Americans hold keys to London’s hospitals for the rich and famous

The Times Andrew Clark Deputy business editor reports 10th June 2013:

“Offering private rooms, gourmet food and impeccable discretion, London’s private hospitals attract wealthy patients from around the world — yet a single American multinational controls the lion’s share of the capital’s medical industry, according to the Competition Commission.

HCA, a Wall Street-listed company based in Tennessee, accounts for more than half of the private hospital beds and treatment rooms in London, including many addresses along Harley Street, and has been accused of seeking deals with medical insurers that “lock out” competitors.”….

Its worth reflecting on why people go privately, and that 6% of Londoners, 8% of people nationally and about 10% in my area have PMI (Private Medical Insurance). Of course if you are super rich then you don’t need insurance at all – you just pay. But what are they paying for?

Firstly choice of Hospital and Surgeon.

Secondly personalised care.

Thirdly, timing of their choosing: they will not be cancelled due to “emergencies” as the Regional Health Service does these..

Fourthly, less iatrogenesis (doctor and hospital related diseases and complications of treatment) such as MRSA and Clostridium Difficile.

So “You get what you pay for” (Andrew Clark The Times 10th June 2013.

And what are the disadvantages? Over investigation, over treatment and prolonged follow-up are all perversely more incentivized in the private system, but they probably rarely happen.

As a self-employed GP I was booked in for a hip replacement some years ago in the Welsh Health Service. I signed the agreement for a locum on the Monday of the week the operation was “arranged” but I was cancelled due to “an emergency – a lady with an infected hip who cannot wait, and the managers have instructed me to fit her in” (my surgeon on the phone). My operation was “postponed” but I had to face the problem of the already contracted locum. When I asked how long I would have to wait it was “uncertain”, and could be as long as a month. What did I do? I went privately as the cost of the operation was about equal to the money that would be lost by hiring a locum unnecessarily… The Health Service is not designed for self-employed people: is there a case for treating them differently once waiting lists become lengthy..? Should the regional Health Services aspire to private standards? If so, commissioners will need to think about the physical separation of the planned from the acute …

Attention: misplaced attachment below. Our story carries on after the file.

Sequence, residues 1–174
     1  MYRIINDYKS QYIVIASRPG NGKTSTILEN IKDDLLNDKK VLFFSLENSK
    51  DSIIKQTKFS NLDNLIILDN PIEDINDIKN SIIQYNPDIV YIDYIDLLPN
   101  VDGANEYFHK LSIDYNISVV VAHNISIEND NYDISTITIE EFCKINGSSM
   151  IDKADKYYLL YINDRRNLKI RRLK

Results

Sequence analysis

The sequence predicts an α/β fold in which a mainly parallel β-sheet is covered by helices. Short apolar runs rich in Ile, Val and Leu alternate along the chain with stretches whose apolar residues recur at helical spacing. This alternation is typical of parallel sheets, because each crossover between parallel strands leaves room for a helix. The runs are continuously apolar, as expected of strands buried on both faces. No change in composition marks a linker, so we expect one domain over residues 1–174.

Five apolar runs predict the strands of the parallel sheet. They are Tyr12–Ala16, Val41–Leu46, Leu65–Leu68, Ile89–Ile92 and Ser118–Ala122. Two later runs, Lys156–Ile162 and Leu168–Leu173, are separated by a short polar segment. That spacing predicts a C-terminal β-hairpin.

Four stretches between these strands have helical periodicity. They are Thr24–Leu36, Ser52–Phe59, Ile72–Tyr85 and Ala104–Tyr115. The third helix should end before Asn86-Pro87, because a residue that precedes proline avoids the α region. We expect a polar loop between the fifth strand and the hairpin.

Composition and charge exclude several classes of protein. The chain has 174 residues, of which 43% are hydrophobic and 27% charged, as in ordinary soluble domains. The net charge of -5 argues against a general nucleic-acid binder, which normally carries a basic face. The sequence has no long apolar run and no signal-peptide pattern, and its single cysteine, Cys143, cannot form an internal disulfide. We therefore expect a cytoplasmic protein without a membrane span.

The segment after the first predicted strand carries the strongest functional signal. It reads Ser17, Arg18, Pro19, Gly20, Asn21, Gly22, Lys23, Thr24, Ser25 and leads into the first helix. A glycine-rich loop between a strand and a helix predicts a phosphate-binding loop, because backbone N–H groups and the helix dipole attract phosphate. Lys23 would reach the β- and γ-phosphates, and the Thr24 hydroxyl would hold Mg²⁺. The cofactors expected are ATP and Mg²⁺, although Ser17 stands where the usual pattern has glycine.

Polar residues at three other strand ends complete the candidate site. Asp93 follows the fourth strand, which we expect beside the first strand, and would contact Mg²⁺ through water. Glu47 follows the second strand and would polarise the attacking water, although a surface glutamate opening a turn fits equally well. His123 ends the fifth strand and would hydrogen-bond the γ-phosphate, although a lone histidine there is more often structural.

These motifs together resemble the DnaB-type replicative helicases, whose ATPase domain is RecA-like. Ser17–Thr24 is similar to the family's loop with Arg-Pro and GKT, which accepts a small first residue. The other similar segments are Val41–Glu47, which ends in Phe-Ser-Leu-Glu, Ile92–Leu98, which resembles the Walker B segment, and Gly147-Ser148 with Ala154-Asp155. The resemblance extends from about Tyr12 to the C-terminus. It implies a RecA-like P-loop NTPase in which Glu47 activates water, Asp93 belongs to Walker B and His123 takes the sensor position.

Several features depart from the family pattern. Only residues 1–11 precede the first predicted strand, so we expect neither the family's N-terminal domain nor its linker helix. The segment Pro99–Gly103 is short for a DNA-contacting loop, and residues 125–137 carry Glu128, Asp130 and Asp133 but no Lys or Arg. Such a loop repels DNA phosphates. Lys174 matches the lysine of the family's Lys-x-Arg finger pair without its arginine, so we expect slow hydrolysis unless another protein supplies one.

This entry was posted in A Personal View, Commissioning, Perverse Incentives, Stories in the Media on by .

About Roger Burns - retired GP

I am a retired GP and medical educator. I have supported patient participation throughout my career, and my practice, St Thomas; Surgery, has had a longstanding and active Patient Participation Group (PPG). I support the idea of Community Health Councils, although I feel they should be funded at arms length from government. I have taught GP trainees for 30 years, and been a Programme Director for GP training in Pembrokeshire 20 years. I served on the Pembrokeshire LHG and LHB for a total of 10 years. I completed an MBA in 1996, and I along with most others, never had an exit interview from any job in the NHS! I completed an MBA in 1996, and was a runner up for the Adam Smith prize for economy and efficiency in government in that year. This was owing to a suggestion (St Thomas' Mutual) that practices had incentives for saving by being allowed to buy rationed out services in the following year.

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